Optical camera module. (background info) Product Link. I'm using this module to create an optical video feed that will be processed using OpenCV as an edge-detected overlay for the thermal feed. Product chosen for low cost and simplicity - plugs directly into the RPI Zero CSI port.
(background info) So to summarise, the camera module flood lights the ground with IR illumination and provides both thermal (LWIR) and NIR video feeds to the processing module. The processing module accepts these video feeds and carries out various image processing tasks, such as edge detection, resolution transform and, in the future, I hope to use AI to detect and highlight objects. It also broadcasts the two video feeds down to the ground station using the 5.8GHz WiFi band (not discussed here - very simple power arrangements) and accepts and processes MavLink instructions from the ground station e.g. IR flood lighting brightness, thermal colour profile etc. The power supply module provides power directly for the IR LEDs and via a buck converter for the Raspberry PI and WiFi adaptor and can be charged from any USB power supply.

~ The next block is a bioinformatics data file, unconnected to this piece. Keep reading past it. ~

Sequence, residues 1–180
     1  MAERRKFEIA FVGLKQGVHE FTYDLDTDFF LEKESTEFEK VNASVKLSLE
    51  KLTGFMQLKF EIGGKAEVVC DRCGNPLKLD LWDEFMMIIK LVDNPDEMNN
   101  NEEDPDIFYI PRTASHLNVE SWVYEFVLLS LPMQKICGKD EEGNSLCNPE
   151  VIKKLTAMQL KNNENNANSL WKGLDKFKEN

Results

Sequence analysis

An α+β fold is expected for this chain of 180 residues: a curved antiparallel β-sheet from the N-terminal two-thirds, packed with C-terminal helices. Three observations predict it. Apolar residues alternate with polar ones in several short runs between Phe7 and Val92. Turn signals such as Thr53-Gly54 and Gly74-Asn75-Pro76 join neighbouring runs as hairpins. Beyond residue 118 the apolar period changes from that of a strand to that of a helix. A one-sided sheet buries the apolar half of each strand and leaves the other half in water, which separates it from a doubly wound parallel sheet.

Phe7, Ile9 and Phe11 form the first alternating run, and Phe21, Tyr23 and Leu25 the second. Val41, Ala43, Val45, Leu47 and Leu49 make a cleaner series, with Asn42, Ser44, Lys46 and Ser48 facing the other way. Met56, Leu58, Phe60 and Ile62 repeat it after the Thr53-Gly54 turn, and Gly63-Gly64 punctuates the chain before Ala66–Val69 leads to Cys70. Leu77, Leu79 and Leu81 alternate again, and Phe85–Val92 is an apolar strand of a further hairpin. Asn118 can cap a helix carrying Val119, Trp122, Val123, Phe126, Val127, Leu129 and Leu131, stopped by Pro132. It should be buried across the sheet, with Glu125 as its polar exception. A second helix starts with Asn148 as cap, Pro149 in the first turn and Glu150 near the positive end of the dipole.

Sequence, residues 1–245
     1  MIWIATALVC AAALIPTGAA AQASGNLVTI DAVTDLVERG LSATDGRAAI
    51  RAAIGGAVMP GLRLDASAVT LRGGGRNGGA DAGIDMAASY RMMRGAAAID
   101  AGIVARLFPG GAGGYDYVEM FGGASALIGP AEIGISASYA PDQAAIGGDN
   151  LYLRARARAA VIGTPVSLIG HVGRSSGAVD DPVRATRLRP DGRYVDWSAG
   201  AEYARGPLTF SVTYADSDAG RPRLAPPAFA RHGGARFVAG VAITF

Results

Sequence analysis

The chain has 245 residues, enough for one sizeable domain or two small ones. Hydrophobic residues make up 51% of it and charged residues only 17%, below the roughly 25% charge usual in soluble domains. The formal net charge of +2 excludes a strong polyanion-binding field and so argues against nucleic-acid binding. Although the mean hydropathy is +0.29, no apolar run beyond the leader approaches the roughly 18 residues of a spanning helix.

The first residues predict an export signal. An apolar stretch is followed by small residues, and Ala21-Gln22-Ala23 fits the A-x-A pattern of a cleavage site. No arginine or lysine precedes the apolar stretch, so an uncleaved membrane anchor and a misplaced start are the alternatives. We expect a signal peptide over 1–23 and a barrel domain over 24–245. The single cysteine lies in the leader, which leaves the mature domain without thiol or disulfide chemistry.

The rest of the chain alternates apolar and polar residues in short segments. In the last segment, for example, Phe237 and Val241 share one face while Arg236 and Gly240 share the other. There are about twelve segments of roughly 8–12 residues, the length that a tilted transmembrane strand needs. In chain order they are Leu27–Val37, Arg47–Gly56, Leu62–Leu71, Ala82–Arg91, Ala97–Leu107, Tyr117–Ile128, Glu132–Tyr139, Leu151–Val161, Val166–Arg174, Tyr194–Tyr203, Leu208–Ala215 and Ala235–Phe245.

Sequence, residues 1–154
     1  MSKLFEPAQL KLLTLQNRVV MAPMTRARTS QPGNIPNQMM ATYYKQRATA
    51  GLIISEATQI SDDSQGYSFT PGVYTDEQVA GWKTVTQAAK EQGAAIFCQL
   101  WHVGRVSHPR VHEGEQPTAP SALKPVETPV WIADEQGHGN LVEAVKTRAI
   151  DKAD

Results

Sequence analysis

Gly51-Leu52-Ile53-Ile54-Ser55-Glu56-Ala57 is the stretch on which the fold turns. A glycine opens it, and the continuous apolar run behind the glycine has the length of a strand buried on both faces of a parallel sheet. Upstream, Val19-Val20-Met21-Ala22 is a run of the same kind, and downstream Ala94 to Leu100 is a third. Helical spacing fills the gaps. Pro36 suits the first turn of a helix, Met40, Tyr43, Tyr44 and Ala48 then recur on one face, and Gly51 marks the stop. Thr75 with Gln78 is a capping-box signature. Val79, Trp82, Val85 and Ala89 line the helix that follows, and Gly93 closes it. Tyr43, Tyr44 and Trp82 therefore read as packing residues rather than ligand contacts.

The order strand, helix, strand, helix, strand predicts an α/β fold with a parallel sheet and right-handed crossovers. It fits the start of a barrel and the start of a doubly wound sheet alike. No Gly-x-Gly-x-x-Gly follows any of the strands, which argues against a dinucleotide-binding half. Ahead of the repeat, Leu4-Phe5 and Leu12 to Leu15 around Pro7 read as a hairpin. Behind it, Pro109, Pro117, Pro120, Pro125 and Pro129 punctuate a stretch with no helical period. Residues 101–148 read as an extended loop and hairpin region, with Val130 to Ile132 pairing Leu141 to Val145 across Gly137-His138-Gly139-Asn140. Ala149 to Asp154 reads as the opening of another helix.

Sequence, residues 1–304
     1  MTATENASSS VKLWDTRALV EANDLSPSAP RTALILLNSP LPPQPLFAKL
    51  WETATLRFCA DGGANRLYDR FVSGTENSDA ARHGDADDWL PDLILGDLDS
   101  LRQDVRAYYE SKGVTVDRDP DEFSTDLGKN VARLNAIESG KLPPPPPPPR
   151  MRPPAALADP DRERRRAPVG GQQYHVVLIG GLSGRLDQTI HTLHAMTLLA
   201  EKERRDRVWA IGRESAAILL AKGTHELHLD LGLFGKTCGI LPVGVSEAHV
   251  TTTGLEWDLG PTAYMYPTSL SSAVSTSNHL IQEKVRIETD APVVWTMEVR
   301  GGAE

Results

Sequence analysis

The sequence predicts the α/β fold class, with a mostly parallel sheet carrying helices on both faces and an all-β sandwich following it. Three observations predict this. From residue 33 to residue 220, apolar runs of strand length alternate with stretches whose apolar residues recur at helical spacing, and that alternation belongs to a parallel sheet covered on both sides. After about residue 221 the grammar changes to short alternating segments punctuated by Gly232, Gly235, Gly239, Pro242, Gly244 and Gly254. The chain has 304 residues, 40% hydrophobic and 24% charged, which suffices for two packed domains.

If you can spend the time to review the design of the power supply module, I would appreciate any and all comments / feedback, and, of course, if you have any questions about the design, please reach out.
Options For Load Sharing Query
Here's where I'm struggling.
I want to be able use the system whilst it is charging but I don't think I can in it's current design state. I'm thinking that if the processing and camera modules are acting as a varying load on the battery pack, the CC/CV charging circuit won't know what's going on and, worse still, if I limit the current I risk brownouts on the Raspberry Pi.
Is there a typical design pattern for a load sharing solution that would allow automatic switch-through if a load appears on the battery? Or some other way to manage load-sharing between battery charging and operation? Looking for options.
Thank you for any help and guidance :)